You’ve finally found your dream home, got a bond pre-approval so that you know it fits within your budget and now you are ready to take the next step - putting in an offer.
Your opening Offer to Purchase, also known as the OTP, needs to be realistic yet competitive so that it sets you apart from other interested buyers, says Carl Coetzee, CEO of BetterBond. “An OTP is legally binding so only offer what you can actually afford. As it constitutes a Deed of Sale, there could be financial penalties if you pull out.”
Unfortunately, not everyone is a born negotiator, acknowledges Coetzee. “It’s easy to get emotional about buying a home. After all, this is likely to be one of your biggest investments. But try and take the emotion out of your purchase discussions.” Know before you make an offer whether you will be able to compromise on the price. “While you don’t want to overpay for a home, your offer should be enough for a seller to accept, and be competitive with other offers that may come in.”
This is an exciting and crucial part of your home-buying journey. To make it as straightforward as possible, bear the following six guidelines in mind, says Coetzee:
To decide what to offer, start with looking at whether the home is priced appropriately. You will need to take a look at similar homes in the area and chat with your estate agent. A reasonable seller will accept a fair offer.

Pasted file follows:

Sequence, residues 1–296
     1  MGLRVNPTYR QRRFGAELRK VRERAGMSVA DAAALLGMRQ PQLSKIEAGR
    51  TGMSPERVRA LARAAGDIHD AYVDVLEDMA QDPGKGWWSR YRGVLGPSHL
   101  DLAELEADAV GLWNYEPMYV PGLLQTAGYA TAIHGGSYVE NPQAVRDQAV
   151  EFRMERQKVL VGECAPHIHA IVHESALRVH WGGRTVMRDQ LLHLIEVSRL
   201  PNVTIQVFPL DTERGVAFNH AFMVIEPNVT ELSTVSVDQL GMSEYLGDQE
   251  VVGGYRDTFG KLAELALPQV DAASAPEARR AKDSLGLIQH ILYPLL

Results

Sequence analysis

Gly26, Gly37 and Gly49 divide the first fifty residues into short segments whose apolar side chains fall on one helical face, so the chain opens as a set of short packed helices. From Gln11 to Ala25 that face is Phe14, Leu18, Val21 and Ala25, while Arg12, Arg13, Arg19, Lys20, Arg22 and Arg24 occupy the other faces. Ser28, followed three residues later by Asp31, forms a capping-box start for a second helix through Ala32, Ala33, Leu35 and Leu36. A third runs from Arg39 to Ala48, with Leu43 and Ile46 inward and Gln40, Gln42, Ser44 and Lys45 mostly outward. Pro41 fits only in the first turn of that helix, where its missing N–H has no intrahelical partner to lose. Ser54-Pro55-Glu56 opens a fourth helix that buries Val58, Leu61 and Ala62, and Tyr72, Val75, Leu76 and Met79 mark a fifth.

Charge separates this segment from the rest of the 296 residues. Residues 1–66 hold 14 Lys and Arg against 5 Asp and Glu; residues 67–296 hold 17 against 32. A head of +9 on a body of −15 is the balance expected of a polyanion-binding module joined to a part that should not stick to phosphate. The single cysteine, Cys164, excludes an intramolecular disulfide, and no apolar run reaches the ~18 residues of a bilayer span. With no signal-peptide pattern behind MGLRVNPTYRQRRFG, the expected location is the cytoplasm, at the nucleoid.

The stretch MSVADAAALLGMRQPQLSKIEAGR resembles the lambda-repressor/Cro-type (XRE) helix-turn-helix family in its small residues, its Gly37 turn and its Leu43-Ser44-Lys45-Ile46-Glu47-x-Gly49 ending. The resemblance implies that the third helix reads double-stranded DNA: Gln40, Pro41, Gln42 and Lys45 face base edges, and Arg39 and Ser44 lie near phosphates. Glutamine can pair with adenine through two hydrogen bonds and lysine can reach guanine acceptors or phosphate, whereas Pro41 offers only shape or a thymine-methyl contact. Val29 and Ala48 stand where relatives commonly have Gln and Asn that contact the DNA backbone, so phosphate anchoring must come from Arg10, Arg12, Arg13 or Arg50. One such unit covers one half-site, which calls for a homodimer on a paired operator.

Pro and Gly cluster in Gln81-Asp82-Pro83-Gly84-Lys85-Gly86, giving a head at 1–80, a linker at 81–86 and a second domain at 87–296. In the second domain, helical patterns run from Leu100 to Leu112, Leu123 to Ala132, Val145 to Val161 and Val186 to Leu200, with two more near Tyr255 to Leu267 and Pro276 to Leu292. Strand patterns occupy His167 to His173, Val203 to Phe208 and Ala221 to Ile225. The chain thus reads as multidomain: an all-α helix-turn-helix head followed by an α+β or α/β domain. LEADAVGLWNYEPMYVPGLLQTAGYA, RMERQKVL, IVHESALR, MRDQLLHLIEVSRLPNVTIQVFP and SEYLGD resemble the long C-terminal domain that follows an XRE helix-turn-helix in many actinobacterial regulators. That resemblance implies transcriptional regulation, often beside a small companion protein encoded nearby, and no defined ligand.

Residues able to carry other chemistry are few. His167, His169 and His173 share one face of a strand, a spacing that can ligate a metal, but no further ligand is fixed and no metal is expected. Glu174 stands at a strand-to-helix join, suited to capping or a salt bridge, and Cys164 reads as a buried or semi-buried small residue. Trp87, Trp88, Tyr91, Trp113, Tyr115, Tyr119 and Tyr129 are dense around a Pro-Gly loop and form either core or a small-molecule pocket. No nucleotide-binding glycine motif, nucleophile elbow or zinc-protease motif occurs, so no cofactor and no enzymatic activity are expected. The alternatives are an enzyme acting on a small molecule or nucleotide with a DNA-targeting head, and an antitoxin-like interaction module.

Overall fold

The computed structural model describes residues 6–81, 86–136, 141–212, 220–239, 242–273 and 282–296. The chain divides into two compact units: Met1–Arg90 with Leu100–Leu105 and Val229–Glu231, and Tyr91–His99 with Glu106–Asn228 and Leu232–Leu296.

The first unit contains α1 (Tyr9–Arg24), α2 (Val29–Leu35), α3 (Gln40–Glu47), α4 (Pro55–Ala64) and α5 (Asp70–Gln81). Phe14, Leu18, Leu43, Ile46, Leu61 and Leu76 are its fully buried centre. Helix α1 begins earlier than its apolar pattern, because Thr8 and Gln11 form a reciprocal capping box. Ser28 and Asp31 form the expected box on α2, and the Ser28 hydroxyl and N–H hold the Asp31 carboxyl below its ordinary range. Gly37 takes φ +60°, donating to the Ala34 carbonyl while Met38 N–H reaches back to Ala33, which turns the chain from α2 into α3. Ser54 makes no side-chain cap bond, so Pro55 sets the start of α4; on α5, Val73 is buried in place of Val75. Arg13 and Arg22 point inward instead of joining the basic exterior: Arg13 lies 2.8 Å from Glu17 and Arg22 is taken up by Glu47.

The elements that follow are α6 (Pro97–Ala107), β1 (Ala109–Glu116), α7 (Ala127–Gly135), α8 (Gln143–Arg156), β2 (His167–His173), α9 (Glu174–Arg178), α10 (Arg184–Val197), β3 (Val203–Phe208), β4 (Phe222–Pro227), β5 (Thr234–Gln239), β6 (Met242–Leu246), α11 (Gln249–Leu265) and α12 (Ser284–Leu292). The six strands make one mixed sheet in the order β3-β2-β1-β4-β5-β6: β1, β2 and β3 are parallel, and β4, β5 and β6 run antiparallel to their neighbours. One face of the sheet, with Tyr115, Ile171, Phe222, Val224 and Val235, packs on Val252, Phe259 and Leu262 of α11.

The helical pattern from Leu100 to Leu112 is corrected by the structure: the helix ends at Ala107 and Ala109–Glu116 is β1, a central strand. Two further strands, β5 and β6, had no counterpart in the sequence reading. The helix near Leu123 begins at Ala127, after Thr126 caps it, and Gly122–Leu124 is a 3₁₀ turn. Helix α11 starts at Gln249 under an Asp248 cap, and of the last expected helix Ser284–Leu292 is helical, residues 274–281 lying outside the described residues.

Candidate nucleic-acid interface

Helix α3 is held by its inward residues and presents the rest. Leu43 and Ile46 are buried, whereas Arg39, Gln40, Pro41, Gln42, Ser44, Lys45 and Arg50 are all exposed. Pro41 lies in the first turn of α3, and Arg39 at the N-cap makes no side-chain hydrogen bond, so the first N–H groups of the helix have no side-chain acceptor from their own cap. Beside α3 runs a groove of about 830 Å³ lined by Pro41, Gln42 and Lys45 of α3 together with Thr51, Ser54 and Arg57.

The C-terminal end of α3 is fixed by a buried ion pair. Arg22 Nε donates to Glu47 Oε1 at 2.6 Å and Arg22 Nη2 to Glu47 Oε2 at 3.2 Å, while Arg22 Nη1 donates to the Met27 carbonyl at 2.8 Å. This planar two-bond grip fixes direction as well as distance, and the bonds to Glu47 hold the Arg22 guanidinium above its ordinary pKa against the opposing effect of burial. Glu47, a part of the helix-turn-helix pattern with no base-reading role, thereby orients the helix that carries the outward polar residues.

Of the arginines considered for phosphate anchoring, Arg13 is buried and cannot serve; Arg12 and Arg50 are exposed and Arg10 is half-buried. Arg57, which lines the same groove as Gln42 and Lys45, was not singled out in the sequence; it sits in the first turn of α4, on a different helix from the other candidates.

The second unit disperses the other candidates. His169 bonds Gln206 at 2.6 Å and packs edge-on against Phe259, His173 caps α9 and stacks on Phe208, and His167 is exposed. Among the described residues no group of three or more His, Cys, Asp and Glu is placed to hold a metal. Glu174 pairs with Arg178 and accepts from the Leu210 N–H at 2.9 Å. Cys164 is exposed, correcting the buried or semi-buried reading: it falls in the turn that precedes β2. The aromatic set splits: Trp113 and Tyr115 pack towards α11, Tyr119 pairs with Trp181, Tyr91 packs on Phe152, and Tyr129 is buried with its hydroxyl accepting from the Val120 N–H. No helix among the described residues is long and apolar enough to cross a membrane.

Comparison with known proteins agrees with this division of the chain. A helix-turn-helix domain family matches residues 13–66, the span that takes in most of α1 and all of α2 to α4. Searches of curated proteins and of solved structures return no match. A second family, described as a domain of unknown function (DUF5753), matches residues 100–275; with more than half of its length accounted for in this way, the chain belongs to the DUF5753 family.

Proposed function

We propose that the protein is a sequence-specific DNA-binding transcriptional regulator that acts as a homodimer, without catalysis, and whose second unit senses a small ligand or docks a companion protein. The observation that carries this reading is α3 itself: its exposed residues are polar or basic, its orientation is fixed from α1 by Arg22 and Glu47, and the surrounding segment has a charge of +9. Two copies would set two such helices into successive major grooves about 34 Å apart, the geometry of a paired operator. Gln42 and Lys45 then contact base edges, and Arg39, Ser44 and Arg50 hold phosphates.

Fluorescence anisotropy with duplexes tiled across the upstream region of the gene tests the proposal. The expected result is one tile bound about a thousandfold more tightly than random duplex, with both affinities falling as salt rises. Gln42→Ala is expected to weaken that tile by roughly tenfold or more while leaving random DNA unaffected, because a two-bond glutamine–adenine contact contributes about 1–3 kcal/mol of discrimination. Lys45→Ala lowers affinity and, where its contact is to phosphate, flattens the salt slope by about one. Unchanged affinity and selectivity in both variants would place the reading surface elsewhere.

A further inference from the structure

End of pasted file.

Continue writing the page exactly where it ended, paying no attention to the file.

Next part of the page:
Find out why the sellers have put the property on the market. If it is an urgent sale, there may also be room to negotiate.
If the property has been listed for a while, the seller may be more eager to accept an offer lower than the price they originally asked for.
Although the seller is legally obligated to disclose any defects, there may be defects that they are not aware of and it is still worthwhile having the property inspected before you make an offer to purchase. Hidden defects could end up costing you dearly later on.
If you are paying a deposit, make sure it will be refundable if the sale does not go through. The OTP should stipulate that the deposit is in an interest-bearing account until the property transfers into your name. Use an attorney firm’s bank account for the deposit, not a personal bank account. Verify the banking details with the attorney verbally, and not via email, to ensure that any email correspondence is not hacked and that the deposit ends up in the intended account.
Make sure you have read the fine print and understand all the clauses before you sign. Rather clarify first to avoid regrets later. Important details to look out for: